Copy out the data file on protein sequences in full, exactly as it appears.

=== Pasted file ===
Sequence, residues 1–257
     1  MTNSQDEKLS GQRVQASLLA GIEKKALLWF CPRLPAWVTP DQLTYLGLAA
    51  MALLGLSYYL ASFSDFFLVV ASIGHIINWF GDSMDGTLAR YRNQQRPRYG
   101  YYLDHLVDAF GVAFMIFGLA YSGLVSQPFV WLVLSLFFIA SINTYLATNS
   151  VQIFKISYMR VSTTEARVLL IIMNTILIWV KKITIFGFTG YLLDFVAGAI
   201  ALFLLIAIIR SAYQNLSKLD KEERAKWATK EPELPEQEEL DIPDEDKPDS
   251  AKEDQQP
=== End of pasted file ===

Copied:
Sequence, residues 1–257
     1  MTNSQDEKLS GQRVQASLLA GIEKKALLWF CPRLPAWVTP DQLTYLGLAA
    51  MALLGLSYYL ASFSDFFLVV ASIGHIINWF GDSMDGTLAR YRNQQRPRYG
   101  YYLDHLVDAF GVAFMIFGLA YSGLVSQPFV WLVLSLFFIA SINTYLATNS
   151  VQIFKISYMR VSTTEARVLL IIMNTILIWV KKITIFGFTG YLLDFVAGAI
   201  ALFLLIAIIR SAYQNLSKLD KEERAKWATK EPELPEQEEL DIPDEDKPDS
   251  AKEDQQP